THE HOUSE WITH A CLOCK IN ITS WALLS
Starring Jack Black, Cate Blanchett, Owen Vaccaro,
Renée Elise Goldsberry Sunny Suljic, Kyle MacLachlan
Based on the book by John Bellars
Screenplay by Eric Kripke
Directed by Eli Roth
Reviewed by Patrick and Paul Gibbs
Out of Four
It was inevitable that one day Eli Roth would make a kid's movie, and when it . . . wait? Eli Roth? A kids movie? Eli "Hostel" Roth? The same guy who gave us Death Wish just a few months ago? How does that work?
The answer is, surprisingly well.
In 1955, ten-year-old Lewis Barnavelt (Owen Vaccaro) goes to New Zebedee, Michigan to live with his uncle Jonathan in a creaky old house which has a mysterious ticking heart. Recently orphaned, Lewis (Jack Black) only wants to have a normal childhood but soon discovers he's in line for anything but that. Uncle Jonathan is in fact a mediocre but well-intentioned warlock, while his next-door neighbor and good friend Florence Zimmerman (Cate Blanchett) is a far more powerful good witch.
The house that Lewis has just moved into was previously owned by Isaac and Selena Izard. Before dying, this sinister couple had constructed a powerful clock that is hidden somewhere within the walls of the house where it ticks eternally. Jonathan has filled the house with clocks to try to drown out the noise to prevent him from going mad (because the best way to mask the noise of something is to multiply it by the dozens.). But the sleepy facade of Lewis' new town jolts to life with a secret world of warlocks and witches when Lewis makes a dreadful mistake while trying to make a new friend and impress the popular Tarby Corrigan (Sunny Suljic from The Killing of a Sacred Deer).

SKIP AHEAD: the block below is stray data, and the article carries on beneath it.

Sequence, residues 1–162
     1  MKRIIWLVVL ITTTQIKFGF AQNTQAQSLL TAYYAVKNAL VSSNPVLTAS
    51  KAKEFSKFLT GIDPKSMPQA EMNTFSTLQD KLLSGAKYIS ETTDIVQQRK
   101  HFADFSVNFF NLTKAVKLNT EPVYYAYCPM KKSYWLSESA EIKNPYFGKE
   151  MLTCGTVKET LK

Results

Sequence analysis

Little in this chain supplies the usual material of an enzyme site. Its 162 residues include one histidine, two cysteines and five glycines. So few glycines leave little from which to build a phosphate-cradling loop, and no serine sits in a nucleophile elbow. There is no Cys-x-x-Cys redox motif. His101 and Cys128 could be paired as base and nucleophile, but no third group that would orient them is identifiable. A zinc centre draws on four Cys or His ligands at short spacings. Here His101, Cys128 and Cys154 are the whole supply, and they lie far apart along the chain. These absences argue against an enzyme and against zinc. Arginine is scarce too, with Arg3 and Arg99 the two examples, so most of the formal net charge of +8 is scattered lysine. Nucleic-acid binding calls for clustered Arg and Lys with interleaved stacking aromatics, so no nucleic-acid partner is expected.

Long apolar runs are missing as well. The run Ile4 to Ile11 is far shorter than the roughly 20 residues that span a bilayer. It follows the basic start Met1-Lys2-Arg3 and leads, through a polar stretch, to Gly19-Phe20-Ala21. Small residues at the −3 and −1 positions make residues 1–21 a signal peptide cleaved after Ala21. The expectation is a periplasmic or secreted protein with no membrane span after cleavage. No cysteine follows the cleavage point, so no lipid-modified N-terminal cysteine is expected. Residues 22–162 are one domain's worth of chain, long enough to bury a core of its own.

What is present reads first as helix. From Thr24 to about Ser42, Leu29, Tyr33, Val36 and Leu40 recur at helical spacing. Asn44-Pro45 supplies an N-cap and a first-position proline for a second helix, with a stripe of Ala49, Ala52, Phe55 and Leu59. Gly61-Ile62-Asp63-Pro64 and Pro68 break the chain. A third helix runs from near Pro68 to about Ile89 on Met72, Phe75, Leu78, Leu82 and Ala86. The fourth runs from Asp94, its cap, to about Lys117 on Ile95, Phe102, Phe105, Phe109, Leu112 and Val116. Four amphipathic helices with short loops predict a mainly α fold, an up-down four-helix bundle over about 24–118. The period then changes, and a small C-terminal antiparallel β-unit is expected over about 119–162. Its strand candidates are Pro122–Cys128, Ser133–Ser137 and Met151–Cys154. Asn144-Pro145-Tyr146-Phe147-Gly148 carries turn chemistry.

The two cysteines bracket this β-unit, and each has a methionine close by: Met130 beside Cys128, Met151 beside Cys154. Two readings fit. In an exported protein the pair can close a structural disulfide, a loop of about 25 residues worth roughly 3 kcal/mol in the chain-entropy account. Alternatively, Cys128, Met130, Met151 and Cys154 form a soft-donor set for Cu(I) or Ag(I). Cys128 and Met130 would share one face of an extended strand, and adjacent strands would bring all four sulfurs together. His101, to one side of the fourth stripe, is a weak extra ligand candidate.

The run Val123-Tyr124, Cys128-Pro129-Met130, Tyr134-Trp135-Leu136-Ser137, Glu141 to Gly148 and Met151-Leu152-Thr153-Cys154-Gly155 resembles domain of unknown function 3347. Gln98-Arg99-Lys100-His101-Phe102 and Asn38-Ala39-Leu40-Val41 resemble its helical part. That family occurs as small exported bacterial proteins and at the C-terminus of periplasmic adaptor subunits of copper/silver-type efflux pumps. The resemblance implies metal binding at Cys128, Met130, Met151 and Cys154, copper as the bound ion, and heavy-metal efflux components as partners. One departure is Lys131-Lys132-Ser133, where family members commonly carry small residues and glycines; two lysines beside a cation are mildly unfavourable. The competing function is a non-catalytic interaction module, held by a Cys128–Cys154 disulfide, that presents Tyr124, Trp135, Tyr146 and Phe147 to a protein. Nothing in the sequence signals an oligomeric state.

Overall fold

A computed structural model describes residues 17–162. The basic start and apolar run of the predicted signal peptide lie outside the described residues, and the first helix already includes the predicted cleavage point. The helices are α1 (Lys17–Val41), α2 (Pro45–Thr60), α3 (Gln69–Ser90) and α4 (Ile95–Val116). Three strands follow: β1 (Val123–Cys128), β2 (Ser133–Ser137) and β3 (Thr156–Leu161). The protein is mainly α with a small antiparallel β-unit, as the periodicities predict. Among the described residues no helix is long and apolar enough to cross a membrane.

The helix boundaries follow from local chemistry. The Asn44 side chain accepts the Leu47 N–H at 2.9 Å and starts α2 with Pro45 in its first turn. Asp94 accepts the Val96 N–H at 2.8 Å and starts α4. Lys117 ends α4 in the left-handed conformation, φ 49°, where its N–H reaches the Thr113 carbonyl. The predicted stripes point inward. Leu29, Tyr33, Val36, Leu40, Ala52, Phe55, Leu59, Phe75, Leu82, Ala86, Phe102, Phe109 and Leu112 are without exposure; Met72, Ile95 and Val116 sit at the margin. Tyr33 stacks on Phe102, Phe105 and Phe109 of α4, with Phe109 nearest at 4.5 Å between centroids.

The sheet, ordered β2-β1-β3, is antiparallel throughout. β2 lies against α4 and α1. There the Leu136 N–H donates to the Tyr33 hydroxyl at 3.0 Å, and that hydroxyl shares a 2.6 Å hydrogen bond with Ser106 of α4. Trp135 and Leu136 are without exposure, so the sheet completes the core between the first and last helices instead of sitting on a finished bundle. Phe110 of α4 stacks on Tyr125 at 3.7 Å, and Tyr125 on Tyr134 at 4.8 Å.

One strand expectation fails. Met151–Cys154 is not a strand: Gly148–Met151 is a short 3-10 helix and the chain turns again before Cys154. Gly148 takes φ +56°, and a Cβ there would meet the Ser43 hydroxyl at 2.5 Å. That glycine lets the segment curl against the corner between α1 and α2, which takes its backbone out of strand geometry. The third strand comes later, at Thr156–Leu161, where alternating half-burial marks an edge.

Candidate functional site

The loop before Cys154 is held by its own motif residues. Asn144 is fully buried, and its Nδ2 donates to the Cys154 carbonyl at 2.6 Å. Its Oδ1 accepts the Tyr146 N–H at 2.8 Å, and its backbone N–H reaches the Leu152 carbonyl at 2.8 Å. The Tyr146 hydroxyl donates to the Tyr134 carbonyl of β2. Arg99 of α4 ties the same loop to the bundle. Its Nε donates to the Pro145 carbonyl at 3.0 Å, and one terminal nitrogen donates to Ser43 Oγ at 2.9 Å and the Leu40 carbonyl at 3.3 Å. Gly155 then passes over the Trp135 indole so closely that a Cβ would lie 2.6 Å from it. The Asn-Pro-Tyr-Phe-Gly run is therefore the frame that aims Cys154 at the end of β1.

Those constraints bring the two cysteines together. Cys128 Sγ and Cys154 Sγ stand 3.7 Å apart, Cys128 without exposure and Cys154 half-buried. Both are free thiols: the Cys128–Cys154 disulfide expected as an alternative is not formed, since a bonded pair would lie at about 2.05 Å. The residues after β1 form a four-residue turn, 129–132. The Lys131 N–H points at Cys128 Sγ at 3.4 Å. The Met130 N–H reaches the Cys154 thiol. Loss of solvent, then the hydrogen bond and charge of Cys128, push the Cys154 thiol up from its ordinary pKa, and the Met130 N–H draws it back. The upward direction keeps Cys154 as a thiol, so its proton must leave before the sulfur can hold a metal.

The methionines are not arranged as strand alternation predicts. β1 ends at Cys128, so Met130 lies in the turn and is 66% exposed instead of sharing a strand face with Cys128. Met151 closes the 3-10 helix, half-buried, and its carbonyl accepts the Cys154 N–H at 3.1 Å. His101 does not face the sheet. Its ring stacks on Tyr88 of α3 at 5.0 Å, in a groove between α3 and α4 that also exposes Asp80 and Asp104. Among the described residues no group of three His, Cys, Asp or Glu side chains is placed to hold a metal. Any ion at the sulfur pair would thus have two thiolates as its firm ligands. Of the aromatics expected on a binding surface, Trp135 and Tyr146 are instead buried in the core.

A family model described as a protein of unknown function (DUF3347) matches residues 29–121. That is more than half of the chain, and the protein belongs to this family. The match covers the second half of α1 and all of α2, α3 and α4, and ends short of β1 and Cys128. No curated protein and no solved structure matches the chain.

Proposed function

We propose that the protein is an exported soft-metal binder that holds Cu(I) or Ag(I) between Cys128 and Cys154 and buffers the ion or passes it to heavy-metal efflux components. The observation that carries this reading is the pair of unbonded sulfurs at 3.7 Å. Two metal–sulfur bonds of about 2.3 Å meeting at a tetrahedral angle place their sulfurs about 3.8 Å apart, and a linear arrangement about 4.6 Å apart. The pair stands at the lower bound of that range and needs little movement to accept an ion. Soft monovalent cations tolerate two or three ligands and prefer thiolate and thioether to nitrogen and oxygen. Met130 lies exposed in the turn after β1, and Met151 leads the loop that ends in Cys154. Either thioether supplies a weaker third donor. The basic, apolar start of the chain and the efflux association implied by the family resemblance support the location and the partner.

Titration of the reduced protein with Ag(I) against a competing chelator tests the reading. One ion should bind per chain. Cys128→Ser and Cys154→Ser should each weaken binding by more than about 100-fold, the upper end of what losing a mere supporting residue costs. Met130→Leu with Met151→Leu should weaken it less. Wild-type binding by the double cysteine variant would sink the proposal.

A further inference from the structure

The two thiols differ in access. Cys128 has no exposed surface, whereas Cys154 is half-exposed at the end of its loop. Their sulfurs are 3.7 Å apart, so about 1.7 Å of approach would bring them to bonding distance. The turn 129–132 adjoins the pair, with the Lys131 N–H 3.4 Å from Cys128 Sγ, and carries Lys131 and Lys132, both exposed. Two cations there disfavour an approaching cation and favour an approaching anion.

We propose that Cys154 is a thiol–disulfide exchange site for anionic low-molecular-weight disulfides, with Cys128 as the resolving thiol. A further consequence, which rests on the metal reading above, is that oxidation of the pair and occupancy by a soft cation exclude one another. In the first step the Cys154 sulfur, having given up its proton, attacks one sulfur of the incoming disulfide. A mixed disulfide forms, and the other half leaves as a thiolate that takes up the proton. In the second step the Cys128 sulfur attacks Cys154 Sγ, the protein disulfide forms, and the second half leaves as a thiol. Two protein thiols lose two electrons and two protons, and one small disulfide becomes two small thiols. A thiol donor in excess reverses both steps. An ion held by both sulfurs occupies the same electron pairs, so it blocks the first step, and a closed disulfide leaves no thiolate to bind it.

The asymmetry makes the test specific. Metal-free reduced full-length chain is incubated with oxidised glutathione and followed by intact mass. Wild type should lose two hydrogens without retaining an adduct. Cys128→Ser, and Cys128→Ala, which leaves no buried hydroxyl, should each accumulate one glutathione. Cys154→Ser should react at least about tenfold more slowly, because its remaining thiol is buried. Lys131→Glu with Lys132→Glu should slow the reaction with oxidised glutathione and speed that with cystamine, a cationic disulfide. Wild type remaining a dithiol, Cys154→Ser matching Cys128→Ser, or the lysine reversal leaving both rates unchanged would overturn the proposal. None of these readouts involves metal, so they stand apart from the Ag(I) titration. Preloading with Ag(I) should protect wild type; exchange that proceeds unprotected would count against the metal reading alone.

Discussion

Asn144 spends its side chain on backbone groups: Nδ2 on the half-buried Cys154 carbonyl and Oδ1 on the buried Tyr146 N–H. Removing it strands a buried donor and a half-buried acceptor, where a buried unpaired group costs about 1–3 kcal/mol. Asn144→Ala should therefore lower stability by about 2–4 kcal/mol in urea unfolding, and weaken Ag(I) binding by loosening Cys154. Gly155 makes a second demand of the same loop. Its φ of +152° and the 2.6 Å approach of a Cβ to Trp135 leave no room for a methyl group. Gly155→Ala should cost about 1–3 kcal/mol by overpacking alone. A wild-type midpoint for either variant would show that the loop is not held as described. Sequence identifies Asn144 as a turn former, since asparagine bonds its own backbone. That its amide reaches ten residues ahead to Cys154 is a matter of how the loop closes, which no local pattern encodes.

|Jack Black and Cate Blanchett|
Image Courtesy Universal Pictures and Amblin Partners
If there is one thing Eli Roth is known for (aside from grotesque, sadistic violence) it is a sense of atmosphere, and he brings enough to spare to this film. He also brings a boundless enthusiasm and commitment to storytelling, as well as a gift for bringing grounded performances out of his actors (Black is a great talent, but could have easily been overly mannered in the role with the wrong hand guiding him.). It's actually a perfect match of director to material, and without the ability to rely on shocking excess, Roth channels his energies into worthier goals.
Young Owen Vaccaro (known for the Daddy's Home films) couldn't be more endearing in the lead role if he tried, and the best part is that he never feels like he is trying too hard. This absolutely should be looked at as a star making performance. Black is wonderful as Uncle Jonathan, and the family movie niche he's settling into really seems to be working for him. But we admit that we could see this movie over and over again just to watch the spirited and utterly lovable performance by Blanchett, an amazing actress who has every right and qualification to be an utterly pretentious snob but has been on something of a hot streak of wonderfully fun performances in lighter fair.
As with most films of this type, there a few pandering moments (the litterbox joke with the Topiary Lion doesn't need to be repeated that many times), and a couple of computer generated effects that don't quite work (though the vast majority of them do.). But there is so much that does work that it's easy to brush those concerns aside. This is a Halloween delight for all ages, and hopefully it's the beginning of Roth branching out into exciting new directions.
If you get a chance to see it in IMAX, there is the added treat of Michael Jackson and John Landis' original music video masterpiece, Thriller, presented in 3D (if you don't see the appeal of the ultimate homage to campy horror in 3D, you really don't get the material.).
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